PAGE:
This paper is a critical review of the popular article The Strength of Weak Ties by Mark S. Granovetter (1973). After an introduction to the paper at hand and a summary of the texts main points, a closer look at some of the premises on which the author builds his arguments is taken as well as examining the arguments themselves. Followed by that, the articles major contributions to the field of civic networks and social capital and its importance in this realm especially for the contemporary society are examined. Finally, I will conclude by summing up the points and highlighting the significance of the article.
Mark S. Granovetters article The Strength of Weak Ties (1973) is one of the highly influential and most cited works of our times. By emphasizing a part of social networks which had hitherto been neglected, the author clearly caused a stir (not only) within the scientific community of sociology and social sciences.
Granovetter is a contemporary sociologist and professor in the school of humanities and sciences at Stanford University. His main fields of interest are Economic Sociology, Social Stratification and Sociological Theory. Contributing to these realms, he published several articles and books.
Here, we will focus on the input he gives through the paper cited above.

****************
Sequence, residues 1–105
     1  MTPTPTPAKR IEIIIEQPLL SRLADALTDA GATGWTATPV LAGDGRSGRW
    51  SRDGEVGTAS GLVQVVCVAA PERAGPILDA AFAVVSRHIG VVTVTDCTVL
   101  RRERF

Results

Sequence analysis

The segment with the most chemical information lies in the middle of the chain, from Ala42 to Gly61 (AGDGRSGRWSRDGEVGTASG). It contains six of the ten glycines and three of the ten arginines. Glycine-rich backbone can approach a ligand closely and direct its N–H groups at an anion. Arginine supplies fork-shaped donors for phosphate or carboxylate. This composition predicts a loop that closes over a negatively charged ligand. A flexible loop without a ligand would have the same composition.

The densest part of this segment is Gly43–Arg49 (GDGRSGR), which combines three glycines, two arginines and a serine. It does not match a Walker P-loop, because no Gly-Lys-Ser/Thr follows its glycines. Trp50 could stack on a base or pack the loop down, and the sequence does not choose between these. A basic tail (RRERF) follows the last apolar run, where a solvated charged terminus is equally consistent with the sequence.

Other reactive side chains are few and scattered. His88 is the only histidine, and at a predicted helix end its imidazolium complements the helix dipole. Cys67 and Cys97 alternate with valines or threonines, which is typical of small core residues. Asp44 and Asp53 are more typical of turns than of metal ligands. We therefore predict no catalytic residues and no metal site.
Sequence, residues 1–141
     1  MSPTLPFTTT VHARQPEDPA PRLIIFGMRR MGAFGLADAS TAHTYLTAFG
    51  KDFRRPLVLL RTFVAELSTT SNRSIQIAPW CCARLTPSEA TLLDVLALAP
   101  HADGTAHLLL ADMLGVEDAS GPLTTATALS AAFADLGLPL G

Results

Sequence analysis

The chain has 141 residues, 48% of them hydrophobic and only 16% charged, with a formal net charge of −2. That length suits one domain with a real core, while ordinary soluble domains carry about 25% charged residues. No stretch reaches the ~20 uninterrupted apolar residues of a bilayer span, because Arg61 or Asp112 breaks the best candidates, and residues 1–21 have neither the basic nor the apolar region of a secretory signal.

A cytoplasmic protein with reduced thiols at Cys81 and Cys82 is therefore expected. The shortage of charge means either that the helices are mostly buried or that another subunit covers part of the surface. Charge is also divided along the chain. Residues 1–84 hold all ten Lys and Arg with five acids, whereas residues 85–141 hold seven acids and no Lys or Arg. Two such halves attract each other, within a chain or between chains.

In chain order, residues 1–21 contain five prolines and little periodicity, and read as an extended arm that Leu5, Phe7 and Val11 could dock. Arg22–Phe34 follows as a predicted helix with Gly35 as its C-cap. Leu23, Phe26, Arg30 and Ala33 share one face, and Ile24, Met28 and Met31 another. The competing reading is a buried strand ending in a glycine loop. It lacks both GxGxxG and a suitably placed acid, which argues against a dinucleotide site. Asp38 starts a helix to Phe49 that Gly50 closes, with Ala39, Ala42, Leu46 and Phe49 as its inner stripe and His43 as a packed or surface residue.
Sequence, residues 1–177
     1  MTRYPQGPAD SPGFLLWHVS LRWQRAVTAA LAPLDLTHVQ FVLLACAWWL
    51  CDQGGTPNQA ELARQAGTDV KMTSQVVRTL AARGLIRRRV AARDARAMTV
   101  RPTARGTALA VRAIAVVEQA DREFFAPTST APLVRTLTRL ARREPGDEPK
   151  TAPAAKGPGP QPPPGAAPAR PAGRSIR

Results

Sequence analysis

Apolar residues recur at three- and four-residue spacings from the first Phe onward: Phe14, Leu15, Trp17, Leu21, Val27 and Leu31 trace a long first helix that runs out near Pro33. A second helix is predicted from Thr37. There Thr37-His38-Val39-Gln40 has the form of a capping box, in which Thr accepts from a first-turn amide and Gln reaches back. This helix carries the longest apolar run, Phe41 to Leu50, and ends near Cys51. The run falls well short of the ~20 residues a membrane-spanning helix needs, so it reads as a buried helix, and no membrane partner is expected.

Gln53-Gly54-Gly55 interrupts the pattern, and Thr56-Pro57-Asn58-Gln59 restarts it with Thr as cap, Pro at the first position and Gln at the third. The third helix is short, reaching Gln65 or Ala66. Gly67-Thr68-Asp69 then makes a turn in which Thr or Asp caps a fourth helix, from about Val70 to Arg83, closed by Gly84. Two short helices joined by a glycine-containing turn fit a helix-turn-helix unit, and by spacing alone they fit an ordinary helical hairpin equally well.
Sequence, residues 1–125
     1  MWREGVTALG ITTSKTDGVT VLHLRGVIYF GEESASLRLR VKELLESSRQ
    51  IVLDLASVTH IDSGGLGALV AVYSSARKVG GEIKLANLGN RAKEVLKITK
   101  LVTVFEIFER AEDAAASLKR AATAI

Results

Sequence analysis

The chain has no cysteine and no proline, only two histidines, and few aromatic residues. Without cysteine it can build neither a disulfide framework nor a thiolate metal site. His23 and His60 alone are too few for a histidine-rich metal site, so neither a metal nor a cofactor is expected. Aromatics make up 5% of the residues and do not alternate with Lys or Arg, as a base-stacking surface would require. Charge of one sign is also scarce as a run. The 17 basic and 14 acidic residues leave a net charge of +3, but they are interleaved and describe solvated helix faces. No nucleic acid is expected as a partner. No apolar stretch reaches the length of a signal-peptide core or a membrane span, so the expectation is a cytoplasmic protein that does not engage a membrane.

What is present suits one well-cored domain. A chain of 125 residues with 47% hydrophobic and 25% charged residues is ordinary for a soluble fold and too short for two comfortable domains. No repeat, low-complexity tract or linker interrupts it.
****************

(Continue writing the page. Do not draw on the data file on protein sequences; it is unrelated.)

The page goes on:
In his renowned and influential paper The Strength of Weak Ties (1973), Mark Granovetter makes a basic distinction between the respective functions of strong and weak ties and points especially to the importance of the latter. He defines the strength of a tie by the combination of time spent together, the emotional intensity, the intimacy and the reciprocal services (p. 1361) present in a particular relationship. He states that the stronger a tie between two individuals, the higher is the proportion of common friends due to three main factors: the time committed to each of ones friendships, similarities that connect friends and the logic of Heiders cognitive balance theory which serves as explanation why the combination of a positive relationship between person A and person B as well as between A and person C will most probably result in a positive relationship between B and C (1958). Concluding from these statements, he points out that only weak ties connect one group of people (friends) and another, as strong ties already imply an overlap between two groups. Relationships that are the only connecting point between two groups are bridges or “if a tie is not the only but the shortest connection between members of different groups – local bridges (p.1364).